MACLEAN’S REPORTS

The tale of how Mackenzie King turned away and Trudeau picked his cabinet

NORMAN DEPOE August 1 1968
MACLEAN’S REPORTS

The tale of how Mackenzie King turned away and Trudeau picked his cabinet

NORMAN DEPOE August 1 1968

The tale of how Mackenzie King turned away and Trudeau picked his cabinet

MACLEAN’S REPORTS

DR. RAOUL HUNTER, the sculptor whose nine-foot bronze of William Lyon Mackenzie King was unveiled in Ottawa July 1, spent days studying the site. One of his main concerns was the angle of the sun from dawn to dusk. Finally, for reasons possibly obscure to anyone else, he designed and oriented his monument so that the shadows would fall across the brooding face exactly as he wanted them at or about one p.m. of a summer day.

He had reckoned without CBC-TV. The producer responsible for the broadcast of the unveiling, Wilf Fielding, didn't like the camera angles. So he asked the Public Works department if they could turn the statue to face in a different direction. They did.

It’s the kind of story that’s irresistible to a working reporter — teeming with analogies and ironic contrasts, conjuring up visions of a Compelling Moral. In his day, for instance, Mr. King had his very own radio studio in the Chateau Laurier, decorated to his own taste, which included a fake fireplace of real marble. Sketch in a comment on the amount of real warmth in his “fireside chats;” compare the bachelor King’s approach with the swinging TV style of his bachelor successor.

Most attractive comparison of all: the bronze King stands just behind the East Block’s Privy Council Chamber, where he presided over cabinets chosen with painstaking care. Every religious, regional, and political factor was weighed; no possibly useful compromise was overlooked. All of his cabinets contained nonentities or dullards who represented some group or region he felt he needed to woo or appease.

Pierre Elliott Trudeau, modish as the meticulously dressed but always dowdy King could never be, of course attended the unveiling. Then, as the hot Ottawa sky clouded over and began to pour down a steamy rain, he retired to 24 Sussex Drive, changed into a white hangout shirt and faded blue slacks, shod his bare feet in sandals (what would Mackenzie King have thought of that?) and sat down to continue planning his cabinet.

After all his campaign talk about selecting the best men, regardless of

region, seniority and so on, what he came up with looks suspiciously like the mixture as before. But if you think the moral of the story is a cynical plus ça change, you're wrong.

The fact is that the first Trudeau administration was better off for cabinet timber than any we’ve had for years. With the exception of Prince Edward Island, which rejected them totally, and possibly New Brunswick, where no MP of previous national stature made it, the Liberals elected high-powered members from coast to coast. Trudeau found himself able to pick the men he thought best and get broad regional representation.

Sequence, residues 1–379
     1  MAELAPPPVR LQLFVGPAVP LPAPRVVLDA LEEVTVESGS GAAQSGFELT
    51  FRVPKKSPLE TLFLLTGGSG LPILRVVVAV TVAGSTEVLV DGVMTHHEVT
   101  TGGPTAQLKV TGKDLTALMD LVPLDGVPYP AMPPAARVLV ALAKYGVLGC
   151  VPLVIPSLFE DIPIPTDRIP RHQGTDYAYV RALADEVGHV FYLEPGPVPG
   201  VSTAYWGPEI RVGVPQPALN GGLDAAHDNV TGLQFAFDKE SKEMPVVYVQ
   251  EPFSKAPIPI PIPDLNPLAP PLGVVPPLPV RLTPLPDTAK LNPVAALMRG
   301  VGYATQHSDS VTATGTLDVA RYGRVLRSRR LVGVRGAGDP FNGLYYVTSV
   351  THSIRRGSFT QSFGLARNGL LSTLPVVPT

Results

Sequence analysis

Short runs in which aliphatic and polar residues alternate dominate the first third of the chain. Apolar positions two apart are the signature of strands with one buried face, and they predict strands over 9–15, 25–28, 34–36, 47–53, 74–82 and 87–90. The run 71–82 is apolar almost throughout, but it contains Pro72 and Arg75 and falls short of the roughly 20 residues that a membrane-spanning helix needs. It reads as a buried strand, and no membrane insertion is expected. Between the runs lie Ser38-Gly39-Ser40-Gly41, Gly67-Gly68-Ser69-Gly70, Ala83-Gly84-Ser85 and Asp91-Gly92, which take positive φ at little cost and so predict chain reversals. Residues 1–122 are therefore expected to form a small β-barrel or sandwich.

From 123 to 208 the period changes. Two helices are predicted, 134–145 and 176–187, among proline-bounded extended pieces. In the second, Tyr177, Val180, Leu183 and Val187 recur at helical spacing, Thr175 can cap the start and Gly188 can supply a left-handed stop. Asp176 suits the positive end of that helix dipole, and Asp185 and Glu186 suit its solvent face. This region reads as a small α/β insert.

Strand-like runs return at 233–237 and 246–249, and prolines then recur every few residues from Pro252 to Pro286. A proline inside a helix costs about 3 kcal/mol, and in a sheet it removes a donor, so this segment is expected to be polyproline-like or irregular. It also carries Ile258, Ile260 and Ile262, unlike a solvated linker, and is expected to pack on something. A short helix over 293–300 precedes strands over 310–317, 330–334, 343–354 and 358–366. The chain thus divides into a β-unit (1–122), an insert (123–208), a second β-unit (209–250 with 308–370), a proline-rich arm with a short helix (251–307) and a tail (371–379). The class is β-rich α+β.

Well, then, if it comes to the same thing in the end, you may say, what’s the. difference? For one thing, there’s no necessary connection any more between a minister’s point of origin and the department he heads — at least not in the prime minister’s thinking. For another, there is what an older generation would consider a disproportionately heavy representation from the big cities. And many of the biggest changes are still to come.

As the prime minister explained in an informal conversation that July afternoon, “I want to put more politics in politics.” He feels the elected minister should be the prime mover in examining and solving problems. The civil service (“one of the really good ones in the western world,” he said) often produces excellent theoretical and practical reforms, but it is the politician who has to live with them, and who has the direct responsibility to the people.

His own experience at Justice has convinced him that when a minister becomes so busy that he can deal only with the very top priority papers on his desk, government begins to fail. Look then, for much greater use of parliamentary secretaries, freeing the minister to investigate the broad, major problems personally, and above all, giving him time to think about them.

The backbencher, who especially if able has always felt frustrated and somewhat useless, can look for more work as well. The Trudeau style includes a bigger role for the House Leader, working with policy groups of

backbenchers and in caucus. And the long-standing idea of giving more work to formal parliamentary committees will take a giant step forward.

Don’t, however, expect the committees to turn into replicas of the American kind. Trudeau has concluded that the amount of power acquired by committee chairmen in Washington, if open to backbenchers here, would destroy our parliamentary system. In Ottawa the ministry must take the lead and be responsible for policy. Trudeau’s solution; have the committees chaired by parliamentary secretaries, who, though MPs, are spokesmen for the minister concerned.

And all of this, of course, would

not only involve more people, and tap more brains, but also provide a training (or proving) ground for future ministers.

It won’t all happen at once. The cabinet announced in July is only phase one of the plan. And by the way, despite all the talk about unwieldy cabinets, don’t be surprised if this one. the largest in our history, gets bigger, not smaller. Trudeau isn’t backing away from the idea of a streamlined inner policy group. But as the government takes over more and more functions, he’s not ruling out the idea of appointing junior ministers to give some of them individual attention.

NORMAN DEPOE